In this new era of unpredictable and cataclysmic Earth changes, this obvious conclusion cannot be overstated. It is also applicable to every other nuclear power plant in the world that is located on or very near a shoreline or fault line, large river bank or volcano. Clearly, the scientists and engineers, architects and designers, manufacturers and builders who drew up or contributed to the original plans for nuclear power generation infrastructure never anticipated these eventualities. Why they did not simply defies common sense. The result is this – the horrific devastation at TEPCO’s Fukushima Daiichi Nuclear Power Station (See Graphics ,  and ).
Graphic #5 — Fukushima Daiichi Nuclear Power Station
Japan has had different reasons to flatly reject nuclear energy
Particularly in light of Japanese sensibilities, as well as its poignant history, it is quite shocking for the rest of the world to watch their plight. Japan’s neighbors — both near and far — have watched in horror as this nuclear disaster has evolved. Those nations have been concerned about the developing outcomes at Fukushima, not only for the welfare of the Japanese people, but also of their own citizens, which brings us to the point of social responsibility.
Decisions such as instituting a national energy policy that revolves around nuclear power generation can no longer be made in a vacuum. Japan, being an island nation, has always been somewhat isolated. Culturally, they are a very homogenous people and therefore tend toward groupthink. However, the Japanese government is now obligated to think outside the proverbial box. Their actions — and inactions — can and do have far-reaching repercussions for their neighbors, as well as the rest of the world.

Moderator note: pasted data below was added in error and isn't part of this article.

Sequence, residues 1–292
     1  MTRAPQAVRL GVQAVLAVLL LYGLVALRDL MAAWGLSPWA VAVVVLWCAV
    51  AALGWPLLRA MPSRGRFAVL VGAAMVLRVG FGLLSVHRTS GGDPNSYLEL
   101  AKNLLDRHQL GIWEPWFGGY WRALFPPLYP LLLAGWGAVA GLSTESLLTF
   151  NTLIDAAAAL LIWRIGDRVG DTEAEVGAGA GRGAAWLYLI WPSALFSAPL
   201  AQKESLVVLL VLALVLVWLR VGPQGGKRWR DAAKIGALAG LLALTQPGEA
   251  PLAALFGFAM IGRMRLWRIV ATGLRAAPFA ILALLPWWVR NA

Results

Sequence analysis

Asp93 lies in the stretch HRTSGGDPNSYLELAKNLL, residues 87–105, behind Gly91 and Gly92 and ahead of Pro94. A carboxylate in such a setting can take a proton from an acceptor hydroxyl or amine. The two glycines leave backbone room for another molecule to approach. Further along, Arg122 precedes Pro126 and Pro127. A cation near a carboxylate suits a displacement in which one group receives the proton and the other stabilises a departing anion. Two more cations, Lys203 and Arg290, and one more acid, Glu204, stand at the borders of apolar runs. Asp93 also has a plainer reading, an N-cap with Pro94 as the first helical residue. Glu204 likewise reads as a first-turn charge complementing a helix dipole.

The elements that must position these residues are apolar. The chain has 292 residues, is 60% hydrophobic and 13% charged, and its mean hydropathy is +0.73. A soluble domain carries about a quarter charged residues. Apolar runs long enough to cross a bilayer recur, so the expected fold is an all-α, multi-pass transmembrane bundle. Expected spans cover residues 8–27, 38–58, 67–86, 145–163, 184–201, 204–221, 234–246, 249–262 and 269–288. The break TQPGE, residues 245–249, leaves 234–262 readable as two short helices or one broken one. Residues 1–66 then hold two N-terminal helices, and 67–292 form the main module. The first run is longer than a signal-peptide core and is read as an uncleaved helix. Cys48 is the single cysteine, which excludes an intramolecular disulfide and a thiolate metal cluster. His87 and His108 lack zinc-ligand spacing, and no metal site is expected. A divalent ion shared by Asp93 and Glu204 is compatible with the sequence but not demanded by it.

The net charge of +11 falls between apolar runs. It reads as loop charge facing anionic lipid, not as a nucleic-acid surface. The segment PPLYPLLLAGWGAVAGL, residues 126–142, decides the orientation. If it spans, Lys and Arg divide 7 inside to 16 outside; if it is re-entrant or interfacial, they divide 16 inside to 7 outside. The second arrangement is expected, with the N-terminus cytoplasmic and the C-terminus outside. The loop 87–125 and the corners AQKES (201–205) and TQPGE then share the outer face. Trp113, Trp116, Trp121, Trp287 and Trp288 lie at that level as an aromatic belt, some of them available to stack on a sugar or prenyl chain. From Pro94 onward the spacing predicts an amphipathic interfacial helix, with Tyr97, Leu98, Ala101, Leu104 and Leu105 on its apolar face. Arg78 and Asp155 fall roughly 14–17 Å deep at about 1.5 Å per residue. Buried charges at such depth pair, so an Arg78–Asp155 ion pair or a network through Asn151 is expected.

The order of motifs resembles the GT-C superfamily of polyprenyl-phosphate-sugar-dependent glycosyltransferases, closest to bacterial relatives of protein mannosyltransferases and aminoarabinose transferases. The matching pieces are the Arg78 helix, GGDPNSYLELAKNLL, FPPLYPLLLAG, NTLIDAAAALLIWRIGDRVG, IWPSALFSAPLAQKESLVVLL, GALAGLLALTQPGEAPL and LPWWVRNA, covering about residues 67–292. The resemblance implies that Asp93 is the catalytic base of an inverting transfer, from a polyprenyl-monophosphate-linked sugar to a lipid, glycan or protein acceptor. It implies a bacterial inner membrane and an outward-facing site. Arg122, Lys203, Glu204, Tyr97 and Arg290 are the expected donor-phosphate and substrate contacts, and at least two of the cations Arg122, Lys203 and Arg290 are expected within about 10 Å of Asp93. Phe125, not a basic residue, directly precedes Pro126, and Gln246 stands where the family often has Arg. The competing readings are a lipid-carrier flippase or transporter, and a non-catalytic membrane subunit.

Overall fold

When the potential consequences of Japan’s actions are as grave for the Pacific Ocean community as the Fukushima event, it would seem incumbent upon them to consider very carefully any and all decisions regarding nuclear energy. Even the USA, far across the same ocean, is quite vulnerable to such misguided past decisions, as Japan is vulnerable to bad US nuclear policy. Of course, there is poetic justice in this since much of the nuclear industry technology and infrastructure in Japan was sold and/or built by American companies.
Nevertheless, the Japanese were staring at a veritable sea of red flags at the very inception of the nation’s nuclear energy policy. Having two cities destroyed, and upwards of 300,000 citizens killed by two atomic bombs, should have given them reason to pause. Being geographically situated in such an extraordinarily active seismic zone provided another opportunity to step back before the green light was given to nuclear power as energy policy.